Evidence linking increased body weight to osteoarthritis of the knee and the high prevalence of obesity underscore the importance of defining the outcome of total knee arthroplasty in obese patients. The purpose of this study was to compare the clinical and radiographic results of total knee arthroplasties performed in obese patients with those of total knee arthroplasties performed in nonobese patients.Methods:
Clinical and radiographic data on seventy-eight total knee arthroplasties in sixty-eight obese patients were compared with data on a matched group of nonobese patients. The analysis was also performed after stratification of the obese group for the degree of obesity. All patients had the same prosthesis. The clinical data that were analyzed included the Knee Society objective and functional scores, patellofemoral symptoms, activity level, and complications.Results:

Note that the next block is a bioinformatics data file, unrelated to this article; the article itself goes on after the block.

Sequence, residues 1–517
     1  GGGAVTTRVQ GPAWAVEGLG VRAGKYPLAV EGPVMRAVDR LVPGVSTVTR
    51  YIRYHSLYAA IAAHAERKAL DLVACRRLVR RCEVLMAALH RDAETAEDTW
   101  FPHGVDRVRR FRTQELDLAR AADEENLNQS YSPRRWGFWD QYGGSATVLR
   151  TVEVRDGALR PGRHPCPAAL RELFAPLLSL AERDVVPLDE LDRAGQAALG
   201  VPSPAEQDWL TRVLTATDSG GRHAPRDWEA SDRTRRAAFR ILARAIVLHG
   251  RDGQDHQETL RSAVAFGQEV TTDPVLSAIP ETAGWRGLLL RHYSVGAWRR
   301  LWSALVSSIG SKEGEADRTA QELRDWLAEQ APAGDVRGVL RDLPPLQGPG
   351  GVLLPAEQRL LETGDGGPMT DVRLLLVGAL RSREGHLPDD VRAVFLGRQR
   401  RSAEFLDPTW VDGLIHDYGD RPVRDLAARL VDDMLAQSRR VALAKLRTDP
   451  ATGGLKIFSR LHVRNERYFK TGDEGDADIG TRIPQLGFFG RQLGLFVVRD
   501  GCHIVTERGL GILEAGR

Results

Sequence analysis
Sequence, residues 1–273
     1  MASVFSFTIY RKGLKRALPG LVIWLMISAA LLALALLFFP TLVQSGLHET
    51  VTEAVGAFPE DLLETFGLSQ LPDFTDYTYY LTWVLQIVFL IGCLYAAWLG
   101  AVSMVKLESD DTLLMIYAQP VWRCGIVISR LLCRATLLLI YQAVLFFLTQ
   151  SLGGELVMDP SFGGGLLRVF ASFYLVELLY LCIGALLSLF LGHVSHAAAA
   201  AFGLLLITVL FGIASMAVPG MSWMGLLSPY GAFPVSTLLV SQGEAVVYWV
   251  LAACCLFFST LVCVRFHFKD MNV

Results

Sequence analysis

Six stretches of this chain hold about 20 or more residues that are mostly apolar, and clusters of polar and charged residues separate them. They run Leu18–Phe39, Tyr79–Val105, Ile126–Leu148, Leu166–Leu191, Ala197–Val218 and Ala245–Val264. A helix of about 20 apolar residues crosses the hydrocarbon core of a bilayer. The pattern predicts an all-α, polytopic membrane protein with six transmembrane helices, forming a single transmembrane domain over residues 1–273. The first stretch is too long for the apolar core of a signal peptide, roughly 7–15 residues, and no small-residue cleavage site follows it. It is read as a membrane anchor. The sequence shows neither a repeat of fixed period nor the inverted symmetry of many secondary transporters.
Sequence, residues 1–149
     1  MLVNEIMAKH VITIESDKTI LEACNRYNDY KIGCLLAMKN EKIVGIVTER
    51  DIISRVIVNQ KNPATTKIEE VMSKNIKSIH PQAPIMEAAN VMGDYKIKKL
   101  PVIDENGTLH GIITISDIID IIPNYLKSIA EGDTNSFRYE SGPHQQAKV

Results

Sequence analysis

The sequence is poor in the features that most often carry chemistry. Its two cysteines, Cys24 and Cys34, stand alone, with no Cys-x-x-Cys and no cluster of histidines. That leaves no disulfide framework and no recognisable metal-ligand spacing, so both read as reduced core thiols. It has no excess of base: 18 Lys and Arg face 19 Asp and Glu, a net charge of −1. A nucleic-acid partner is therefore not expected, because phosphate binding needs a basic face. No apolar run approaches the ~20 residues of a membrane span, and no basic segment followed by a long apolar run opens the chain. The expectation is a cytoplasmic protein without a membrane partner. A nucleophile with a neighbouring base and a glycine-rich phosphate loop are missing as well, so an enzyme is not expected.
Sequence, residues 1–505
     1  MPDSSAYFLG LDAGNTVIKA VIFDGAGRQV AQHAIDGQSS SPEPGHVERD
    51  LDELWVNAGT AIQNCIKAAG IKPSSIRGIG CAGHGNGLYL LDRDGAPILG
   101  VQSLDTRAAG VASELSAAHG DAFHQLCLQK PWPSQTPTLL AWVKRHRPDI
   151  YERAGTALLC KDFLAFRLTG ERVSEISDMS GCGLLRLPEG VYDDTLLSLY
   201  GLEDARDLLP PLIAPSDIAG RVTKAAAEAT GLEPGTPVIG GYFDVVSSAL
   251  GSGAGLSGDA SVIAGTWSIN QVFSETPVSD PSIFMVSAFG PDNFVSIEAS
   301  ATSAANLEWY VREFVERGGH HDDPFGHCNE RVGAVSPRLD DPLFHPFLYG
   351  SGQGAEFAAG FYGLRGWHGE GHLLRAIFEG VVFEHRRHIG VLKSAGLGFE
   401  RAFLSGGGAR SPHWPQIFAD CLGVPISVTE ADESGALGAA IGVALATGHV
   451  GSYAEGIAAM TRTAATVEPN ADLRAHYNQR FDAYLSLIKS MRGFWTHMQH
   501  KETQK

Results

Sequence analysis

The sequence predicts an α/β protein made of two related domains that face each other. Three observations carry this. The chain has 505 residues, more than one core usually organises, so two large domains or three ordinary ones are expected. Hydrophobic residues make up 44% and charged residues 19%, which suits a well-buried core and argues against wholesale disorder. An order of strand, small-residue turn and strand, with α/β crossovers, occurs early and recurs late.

The percentage of knees with a Knee Society score of >80 points at an average of eighty months was 88% in the obese group, which was significantly lower than the 99% rate in the nonobese group at the same time. The morbidly obese subgroup had a significantly higher revision rate than did the nonobese group (p = 0.02).Conclusions:
The results of the present study suggest that any degree of obesity, defined as a body mass index of >30, has a negative effect on the outcome of total knee replacement.Level of Evidence:
Prognostic study, Level II-1 (retrospective study). See Instructions to Authors for a complete description of levels of evidence.